Water Treatment Process
Process water treatment plant
Water treatment is the process of taking physical, chemical or biological measures to bring water quality up to certain use standards. End uses may be drinking, industrial water supply, irrigation, swimming pools, etc. Water treatment removes contaminants and unwanted constituents, or reduces their concentration, so that the water is suitable for its desired end use.
Water treatment includes two main types of water treatment, wastewater treatment and drinking water treatment, which can also be subdivided into two types, wastewater treatment and water reuse. When processing raw water for domestic or industrial use, it is called feed water treatment. When processing wastewater, it is called wastewater treatment. The purpose of wastewater treatment is for the discharge (into a body of water or land) or reuse of wastewater.
The wastewater treatment process generally consists of the following three levels of treatment: primary treatment is it removes grit and fat, iron ions, manganese ions, oil and grease contained in the wastewater through mechanical treatment, such as grating, sedimentation or air floatation. Secondary treatment is biological treatment where the pollutants in the sewage are degraded and transformed into sludge by the action of microorganisms. Tertiary treatment is the deep treatment of the wastewater, which includes nutrient removal and disinfection of the wastewater by chlorination, UV radiation or ozone technology.
The water treatment process consists of the following 9 steps, some of which are not all inclusive depending on the treatment objectives and water quality.
First, raw water is transported to the water treatment plant via pumps and pipelines. Water treatment facilities within water treatment plants are often designed to utilize gravity flow whenever possible to reduce the cost of pumps. Many water treatment plants utilize water from more than one source. Groundwater is blended with surface water to improve the quality of the final product.
Screening and Straining
Water contains different amounts of suspended and dissolved substances, including Turbidity, color, taste, odor, microorganisms, fish, plants, trash, etc. Some of these larger items can obstruct the equipment in the treatment process, such as tree branches getting stuck in the pump impeller. Therefore, the first process in conventional water treatment is to screen or filter out these larger volumes of debris. This is usually done by a bar screen, which is placed in front of the water source inlet. As the water passes through the screen, the larger items are trapped on the screen. As water passes through it, large items are trapped on the screen. These screens must be raked or cleaned off periodically.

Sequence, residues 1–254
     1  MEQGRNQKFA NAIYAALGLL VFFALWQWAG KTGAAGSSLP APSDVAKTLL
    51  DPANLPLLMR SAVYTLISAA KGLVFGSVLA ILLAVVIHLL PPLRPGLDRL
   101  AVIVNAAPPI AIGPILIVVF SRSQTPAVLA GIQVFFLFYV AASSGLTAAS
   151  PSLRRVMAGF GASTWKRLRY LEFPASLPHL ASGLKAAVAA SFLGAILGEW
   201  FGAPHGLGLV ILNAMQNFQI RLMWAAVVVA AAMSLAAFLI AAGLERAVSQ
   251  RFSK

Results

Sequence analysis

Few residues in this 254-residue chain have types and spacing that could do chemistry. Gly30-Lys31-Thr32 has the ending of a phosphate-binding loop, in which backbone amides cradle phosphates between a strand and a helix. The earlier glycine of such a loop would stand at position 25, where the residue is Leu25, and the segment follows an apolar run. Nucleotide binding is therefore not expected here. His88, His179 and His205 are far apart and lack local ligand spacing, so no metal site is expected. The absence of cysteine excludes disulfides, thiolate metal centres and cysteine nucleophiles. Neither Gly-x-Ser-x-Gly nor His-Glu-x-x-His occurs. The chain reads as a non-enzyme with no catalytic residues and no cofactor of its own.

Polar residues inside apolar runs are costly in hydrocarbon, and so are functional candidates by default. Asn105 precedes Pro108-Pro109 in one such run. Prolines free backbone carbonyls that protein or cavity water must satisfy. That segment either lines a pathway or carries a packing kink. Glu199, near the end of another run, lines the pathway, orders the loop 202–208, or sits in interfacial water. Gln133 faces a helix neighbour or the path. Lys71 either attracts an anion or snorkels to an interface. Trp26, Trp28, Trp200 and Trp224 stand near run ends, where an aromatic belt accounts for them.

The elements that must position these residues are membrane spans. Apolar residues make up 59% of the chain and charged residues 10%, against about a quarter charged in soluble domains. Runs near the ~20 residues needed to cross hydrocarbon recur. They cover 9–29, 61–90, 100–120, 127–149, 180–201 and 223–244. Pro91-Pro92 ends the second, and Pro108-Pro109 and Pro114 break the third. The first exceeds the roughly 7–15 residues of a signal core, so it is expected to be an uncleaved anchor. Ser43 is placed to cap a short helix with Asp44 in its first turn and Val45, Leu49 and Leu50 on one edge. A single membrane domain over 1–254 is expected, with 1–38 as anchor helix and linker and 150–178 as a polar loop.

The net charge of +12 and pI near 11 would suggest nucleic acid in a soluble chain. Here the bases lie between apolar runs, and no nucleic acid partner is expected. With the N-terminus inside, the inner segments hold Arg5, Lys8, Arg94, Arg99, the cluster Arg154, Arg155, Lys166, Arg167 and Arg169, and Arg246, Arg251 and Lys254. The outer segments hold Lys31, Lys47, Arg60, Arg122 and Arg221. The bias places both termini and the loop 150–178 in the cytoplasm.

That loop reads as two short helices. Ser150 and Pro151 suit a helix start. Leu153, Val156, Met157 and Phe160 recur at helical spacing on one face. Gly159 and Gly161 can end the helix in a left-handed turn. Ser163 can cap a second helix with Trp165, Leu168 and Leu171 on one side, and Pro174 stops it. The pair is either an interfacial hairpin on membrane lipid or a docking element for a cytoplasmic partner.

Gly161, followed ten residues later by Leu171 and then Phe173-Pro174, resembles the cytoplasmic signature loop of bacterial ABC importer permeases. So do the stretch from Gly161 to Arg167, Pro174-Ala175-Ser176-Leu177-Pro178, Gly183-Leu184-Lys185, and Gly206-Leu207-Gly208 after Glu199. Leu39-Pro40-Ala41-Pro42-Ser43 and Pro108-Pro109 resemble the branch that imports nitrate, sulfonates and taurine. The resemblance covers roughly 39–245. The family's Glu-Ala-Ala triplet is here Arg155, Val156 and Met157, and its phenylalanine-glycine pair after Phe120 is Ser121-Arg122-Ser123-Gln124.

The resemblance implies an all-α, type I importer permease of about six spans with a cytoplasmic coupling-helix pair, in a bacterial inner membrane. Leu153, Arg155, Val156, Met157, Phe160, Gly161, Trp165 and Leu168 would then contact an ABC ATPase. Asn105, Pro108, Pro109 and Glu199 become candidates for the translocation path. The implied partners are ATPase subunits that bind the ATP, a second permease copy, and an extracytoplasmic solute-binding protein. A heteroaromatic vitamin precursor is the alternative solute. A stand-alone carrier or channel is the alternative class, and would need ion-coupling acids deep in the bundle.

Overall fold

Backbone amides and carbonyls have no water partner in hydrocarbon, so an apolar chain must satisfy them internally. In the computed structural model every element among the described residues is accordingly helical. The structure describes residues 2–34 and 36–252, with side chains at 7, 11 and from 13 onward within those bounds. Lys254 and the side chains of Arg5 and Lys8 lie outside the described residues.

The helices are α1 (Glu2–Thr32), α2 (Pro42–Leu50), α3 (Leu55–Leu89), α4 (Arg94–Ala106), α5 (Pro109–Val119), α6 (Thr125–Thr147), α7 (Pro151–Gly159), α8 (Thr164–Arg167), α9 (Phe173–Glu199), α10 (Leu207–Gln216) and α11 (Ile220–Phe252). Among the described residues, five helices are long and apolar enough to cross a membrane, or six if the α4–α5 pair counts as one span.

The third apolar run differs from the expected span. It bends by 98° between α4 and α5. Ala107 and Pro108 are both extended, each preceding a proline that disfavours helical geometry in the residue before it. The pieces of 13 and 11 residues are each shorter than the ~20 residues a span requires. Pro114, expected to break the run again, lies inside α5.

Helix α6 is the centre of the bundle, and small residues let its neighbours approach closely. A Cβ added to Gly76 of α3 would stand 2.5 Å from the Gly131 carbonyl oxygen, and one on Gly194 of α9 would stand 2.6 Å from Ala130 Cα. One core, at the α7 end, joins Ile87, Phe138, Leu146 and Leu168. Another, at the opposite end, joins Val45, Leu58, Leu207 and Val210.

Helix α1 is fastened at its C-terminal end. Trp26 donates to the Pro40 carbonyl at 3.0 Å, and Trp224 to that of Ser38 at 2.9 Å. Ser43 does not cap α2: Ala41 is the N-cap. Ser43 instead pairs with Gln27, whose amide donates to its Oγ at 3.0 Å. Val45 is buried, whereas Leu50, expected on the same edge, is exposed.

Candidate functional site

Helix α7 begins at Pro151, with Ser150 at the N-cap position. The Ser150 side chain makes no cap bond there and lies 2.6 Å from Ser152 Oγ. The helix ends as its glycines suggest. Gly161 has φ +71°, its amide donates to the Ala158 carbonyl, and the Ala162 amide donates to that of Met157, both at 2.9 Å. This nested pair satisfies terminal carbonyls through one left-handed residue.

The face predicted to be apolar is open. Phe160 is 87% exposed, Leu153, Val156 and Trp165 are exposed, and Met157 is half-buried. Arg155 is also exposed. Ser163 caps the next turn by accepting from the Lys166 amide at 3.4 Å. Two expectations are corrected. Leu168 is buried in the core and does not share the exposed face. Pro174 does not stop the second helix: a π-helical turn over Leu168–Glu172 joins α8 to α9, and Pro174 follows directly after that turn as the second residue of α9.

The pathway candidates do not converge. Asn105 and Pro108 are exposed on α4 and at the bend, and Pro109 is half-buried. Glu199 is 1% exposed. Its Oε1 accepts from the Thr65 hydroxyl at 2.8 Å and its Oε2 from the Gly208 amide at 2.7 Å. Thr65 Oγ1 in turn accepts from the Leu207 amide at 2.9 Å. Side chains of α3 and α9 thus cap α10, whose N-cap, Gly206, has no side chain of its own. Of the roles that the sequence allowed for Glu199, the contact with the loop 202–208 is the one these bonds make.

After screening, the water is aerated (supplied with air) to absorb oxygen from the air. This process helps to expel soluble gases such as carbon dioxide and hydrogen sulfide (both are acidic, so this process makes the water less corrosive) and any gaseous organic compounds that are detrimental to the water. Aeration also removes iron or manganese by oxidizing these substances to insoluble forms. Once in the insoluble form, these substances can be removed by filtration.
Once raw water is received at the treatment plant, chemicals are added to help cause suspended particles floating in the water to clump together and form heavier, larger colloidal particles, often called flocs.
Coagulation and Flocculation
Usually fast mixing equipment (mixer agitator) is used to add coagulants (alum, polymer, etc.) to the water to speed up the mixing. The water is allowed to come in contact with the flocs formed to increase their volume. The continuous mixing must be gentle to allow the floc to grow and gain weight, but fast enough to keep it in suspension until it is ready to be allowed to settle in the clarifier. The process of adding a chemical to keep the suspended material in suspension is known as flocculation or coagulation.
Sedimentation and Clarification
Once the flocculation process is complete, the water flows over the weir in the flocculator to the center of the clarifier, or settling tank. As the water flows toward the weir, the larger flocculent particles are allowed to settle to the bottom of the clarifier. A rake continuously passes through the bottom of the clarifier, scraping the settled floc to the center of the clarifier. The settled floc is scraped into the center of the unit. A pump is used to pull the settled “sludge” out of the clarifier and send it to the settling tank. The water passing through the weir is collected and transferred to a filter.
The clarified water enters the filter from the top. Gravity pulls the water down and through the filter to collect in the drainage system at the bottom of the unit. The most common materials used in filters are sand and gravel. Many conventional plants now use granular activated carbon as the preferred media because it not only provides excellent mechanical filtration of particulate matter, but also removes organic compounds that can cause taste and odor problems.
The filtered water becomes very clear and clean. But there are still bacteria and viruses left. For this reason disinfection is required. The most common disinfection process is chlorination. Chlorine gas comes in many different forms, including chlorine gas, chlorine dioxide, and hypochlorite (bleach). Waterworks continuously monitor the chlorine levels in treated water to ensure that the water is thoroughly disinfected.
The final water is pushed through the distribution system (underground pipes) throughout the city. Distribution System The system consists of large pumps at the treatment plant, overhead storage tanks, piping, hydrants, valves and other equipment.